The hedges along the tiny single lane B road were full of rusty orange beech leaves and crimson hawthorn berries. Myself and Samspade parked at the gate at the bottom of the field. A low winter sun strafed the stubble in the fields. The souterrain field has a crop of winter greens this year. This meant a longer walk along the field to the left side then up until we were level with the fenced in overgrown patch in the middle of the field. The souterrain's in there. We made our way across the crops along a tractor wheel rut to avoid trampling the crop.
Samspade had never been before and was looking forward to seeing this site. I'd been many times and had brought waterproof trousers, wellies, a torch and my wee camera. This souterrain can be very wet and the crawl/ crouch on the way in can leave you caked in Midlothian glaur. True to form, the floor was a sea of muddy water and squelching clay. Despite the damp and the hanging "bead curtains" of dripping wet grass roots Samspade was gobsmacked at the place and we walked around taking pictures and soaking in the quiet still calm of this unique place. Samspade picked up a beautiful flint scraper from the edge of a puddle.
The first lintel upon entering the souterrain is covered with many cup marks (one is huge). We wondered if it had previously been a standing stone nearby which had been re-used. The other huge lintel stones could well have been standing stones too, for although there is evidence of working/ shaping on some of them, their shapes seem in marked contrast to the neatly squared and dressed roman blocks in the walls. Perhaps originally the "Pegasus" was a bit of roman graffitti on a standing stone?
When we finally crawled out blinking in the last rays of the afternoon, the view out over the Firth of Forth was spectacular. The twin peaks of Fife's Lomond Hills sat high above the trail of smoke from Kirkcaldy. The strange hillock two fields below was illuminated by the dying rays of the sun making it look even more unnatural.
We rounded the day off with a trip to a garden centre to pick up bark chips for Samspade's garden. The centre was full of Christmas tack. We bought a bag of bark and left as quickly as we could, trying not to let the tacky tinsel and glitter outshine the quiet gloom of the souterrain.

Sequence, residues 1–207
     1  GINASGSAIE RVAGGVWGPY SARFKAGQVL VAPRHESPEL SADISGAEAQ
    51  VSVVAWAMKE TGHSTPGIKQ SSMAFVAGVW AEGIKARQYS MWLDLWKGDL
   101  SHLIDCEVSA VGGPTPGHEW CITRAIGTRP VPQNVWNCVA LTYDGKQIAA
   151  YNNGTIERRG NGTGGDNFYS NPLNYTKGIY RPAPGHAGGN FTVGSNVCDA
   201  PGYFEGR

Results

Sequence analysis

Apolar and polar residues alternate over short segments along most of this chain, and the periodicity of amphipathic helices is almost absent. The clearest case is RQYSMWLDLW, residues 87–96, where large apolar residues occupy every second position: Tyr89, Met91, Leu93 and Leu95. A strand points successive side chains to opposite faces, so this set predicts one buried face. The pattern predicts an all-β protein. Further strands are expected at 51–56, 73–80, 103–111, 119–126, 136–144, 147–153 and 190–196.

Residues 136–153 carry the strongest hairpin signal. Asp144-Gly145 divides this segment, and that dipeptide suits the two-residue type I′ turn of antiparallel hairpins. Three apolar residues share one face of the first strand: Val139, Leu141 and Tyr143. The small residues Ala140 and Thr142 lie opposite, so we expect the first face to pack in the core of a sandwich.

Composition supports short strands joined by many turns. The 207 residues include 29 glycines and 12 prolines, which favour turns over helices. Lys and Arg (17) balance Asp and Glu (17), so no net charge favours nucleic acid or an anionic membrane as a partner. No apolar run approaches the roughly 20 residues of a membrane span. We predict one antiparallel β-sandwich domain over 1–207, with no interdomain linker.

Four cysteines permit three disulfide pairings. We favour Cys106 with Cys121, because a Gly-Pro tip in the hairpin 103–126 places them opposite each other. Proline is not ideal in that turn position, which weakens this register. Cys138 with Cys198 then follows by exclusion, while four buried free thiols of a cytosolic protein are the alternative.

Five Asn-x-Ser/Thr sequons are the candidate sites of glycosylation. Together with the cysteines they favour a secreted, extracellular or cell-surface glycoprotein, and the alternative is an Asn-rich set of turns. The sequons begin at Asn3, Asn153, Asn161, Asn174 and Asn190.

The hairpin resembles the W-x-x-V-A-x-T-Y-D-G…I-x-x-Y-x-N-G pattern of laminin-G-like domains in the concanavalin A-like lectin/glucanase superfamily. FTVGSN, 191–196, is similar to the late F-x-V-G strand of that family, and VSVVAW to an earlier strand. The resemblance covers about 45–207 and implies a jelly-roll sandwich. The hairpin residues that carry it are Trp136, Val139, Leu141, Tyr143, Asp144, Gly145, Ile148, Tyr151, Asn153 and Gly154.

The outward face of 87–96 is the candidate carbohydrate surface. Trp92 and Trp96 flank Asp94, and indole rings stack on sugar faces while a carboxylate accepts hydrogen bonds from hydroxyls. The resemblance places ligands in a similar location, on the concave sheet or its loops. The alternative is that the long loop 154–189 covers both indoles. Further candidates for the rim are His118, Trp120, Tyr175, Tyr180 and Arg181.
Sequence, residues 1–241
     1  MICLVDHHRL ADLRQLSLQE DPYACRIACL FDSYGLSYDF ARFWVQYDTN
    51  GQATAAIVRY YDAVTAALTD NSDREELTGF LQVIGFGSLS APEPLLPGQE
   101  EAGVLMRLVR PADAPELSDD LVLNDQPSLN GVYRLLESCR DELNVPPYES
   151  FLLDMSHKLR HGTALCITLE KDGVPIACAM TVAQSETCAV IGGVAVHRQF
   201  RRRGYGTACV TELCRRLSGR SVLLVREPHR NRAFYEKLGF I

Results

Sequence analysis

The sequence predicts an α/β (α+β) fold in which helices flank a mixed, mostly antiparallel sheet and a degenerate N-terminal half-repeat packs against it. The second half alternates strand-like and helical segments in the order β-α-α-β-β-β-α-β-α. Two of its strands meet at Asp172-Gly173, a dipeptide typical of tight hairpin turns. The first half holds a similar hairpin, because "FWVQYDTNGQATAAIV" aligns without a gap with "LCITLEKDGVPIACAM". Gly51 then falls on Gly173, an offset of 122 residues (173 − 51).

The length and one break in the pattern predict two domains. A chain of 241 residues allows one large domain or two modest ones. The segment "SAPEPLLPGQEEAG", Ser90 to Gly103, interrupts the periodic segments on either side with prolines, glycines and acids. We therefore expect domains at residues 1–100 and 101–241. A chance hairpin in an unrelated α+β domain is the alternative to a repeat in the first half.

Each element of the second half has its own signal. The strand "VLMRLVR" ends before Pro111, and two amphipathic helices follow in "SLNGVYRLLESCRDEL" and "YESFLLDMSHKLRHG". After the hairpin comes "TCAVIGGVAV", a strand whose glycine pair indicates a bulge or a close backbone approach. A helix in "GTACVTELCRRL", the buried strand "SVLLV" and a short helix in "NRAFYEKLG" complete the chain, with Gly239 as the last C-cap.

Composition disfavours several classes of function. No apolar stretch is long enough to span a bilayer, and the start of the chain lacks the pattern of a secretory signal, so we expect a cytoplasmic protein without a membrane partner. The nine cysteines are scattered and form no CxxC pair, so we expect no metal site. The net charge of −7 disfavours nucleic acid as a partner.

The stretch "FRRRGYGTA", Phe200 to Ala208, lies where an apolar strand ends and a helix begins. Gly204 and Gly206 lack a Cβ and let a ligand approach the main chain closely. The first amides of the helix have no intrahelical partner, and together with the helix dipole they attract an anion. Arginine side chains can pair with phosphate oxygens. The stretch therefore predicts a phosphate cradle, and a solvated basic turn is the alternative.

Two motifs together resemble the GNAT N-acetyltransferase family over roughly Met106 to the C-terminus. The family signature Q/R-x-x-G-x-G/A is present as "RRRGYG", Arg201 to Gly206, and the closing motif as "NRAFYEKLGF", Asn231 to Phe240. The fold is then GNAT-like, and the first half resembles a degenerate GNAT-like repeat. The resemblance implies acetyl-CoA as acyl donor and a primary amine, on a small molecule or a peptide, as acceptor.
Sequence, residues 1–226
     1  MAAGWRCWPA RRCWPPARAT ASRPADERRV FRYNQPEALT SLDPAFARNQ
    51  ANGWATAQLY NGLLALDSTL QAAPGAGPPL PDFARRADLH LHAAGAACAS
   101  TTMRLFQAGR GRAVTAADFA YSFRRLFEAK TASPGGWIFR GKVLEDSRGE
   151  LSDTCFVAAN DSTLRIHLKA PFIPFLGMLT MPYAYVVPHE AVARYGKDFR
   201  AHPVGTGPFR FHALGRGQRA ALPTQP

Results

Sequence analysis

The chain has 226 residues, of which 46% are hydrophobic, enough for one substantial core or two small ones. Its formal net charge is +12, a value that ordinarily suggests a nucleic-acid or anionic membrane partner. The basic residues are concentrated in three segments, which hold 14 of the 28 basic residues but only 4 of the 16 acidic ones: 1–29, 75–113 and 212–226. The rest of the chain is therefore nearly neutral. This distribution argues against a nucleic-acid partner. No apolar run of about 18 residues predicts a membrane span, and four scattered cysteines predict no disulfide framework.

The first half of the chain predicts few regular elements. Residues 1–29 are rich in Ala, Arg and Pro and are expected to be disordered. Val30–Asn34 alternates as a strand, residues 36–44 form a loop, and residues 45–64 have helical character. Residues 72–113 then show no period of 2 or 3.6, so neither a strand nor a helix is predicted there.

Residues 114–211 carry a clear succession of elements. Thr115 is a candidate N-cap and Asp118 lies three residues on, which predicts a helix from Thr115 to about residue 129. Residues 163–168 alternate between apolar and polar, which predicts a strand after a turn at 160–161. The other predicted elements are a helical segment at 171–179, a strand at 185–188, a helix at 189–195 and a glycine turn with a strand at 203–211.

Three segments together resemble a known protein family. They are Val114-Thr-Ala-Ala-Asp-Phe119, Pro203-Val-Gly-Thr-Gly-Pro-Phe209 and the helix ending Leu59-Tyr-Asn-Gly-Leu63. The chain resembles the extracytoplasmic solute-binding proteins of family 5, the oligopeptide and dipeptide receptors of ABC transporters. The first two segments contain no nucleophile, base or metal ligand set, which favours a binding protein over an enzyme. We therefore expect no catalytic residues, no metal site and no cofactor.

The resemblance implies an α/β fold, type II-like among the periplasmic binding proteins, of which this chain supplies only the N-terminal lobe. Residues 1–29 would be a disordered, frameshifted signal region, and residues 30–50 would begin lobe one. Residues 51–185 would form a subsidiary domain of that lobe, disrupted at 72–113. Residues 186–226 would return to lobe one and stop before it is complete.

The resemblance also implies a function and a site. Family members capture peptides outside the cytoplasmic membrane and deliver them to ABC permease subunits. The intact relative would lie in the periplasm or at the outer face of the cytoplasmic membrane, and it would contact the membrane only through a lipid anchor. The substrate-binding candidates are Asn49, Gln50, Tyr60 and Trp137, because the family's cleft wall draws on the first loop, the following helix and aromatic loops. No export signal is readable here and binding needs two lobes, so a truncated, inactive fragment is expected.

Crichton Mains Souterrain
I first found out about this place after one of my mates had sold his camper van to a guy who was into battle re-enactments and who had a local historical knowledge. So- on one of our mad Sunday afternoon outings we all piled out here. We knew it was in a field somewhere east of Crichton village and under some pylons. Luckily, the time of the year we visited the field was kinda bare and the big grassy clump gave the spot away. We strode out across the field with much gusto and determination completely oblivious to actually owned it! The entrance is really small and low- but the chamber itself is about 15 m long in the form of an arc with the ceiling about 2 m high. This structure has a great number of Roman dressed blocks that were used in its constriction and one of the ceiling lintels still has a rough Pegasus carved on it (the emblem of Legio II Augusta). It's though that the material possibly came from an adjacent military Roman road-post. Anyways- we all piled into the structure and were sitting in the quiet darkness soaking up the atmosphere when all of a sudden a thunderstorm broke overhead. We all took one look at each other and clambered out as fast as possible- I've never since seen half a dozen grown men move so fast!
PS- be sure to visit Crichton Castle at NT380612- a cracker!
From Edinburgh head south-east to Dalkeith. Take the A68 out of Dalkeith to Pathhead, then the B6367 on the right. Go through Crichton (blink and you'll miss it!) and take the next road left. The souterrain is in the field on the right past the small woods and under the pylons. Be sure and ask permission at one of the farms-not sure which- woops!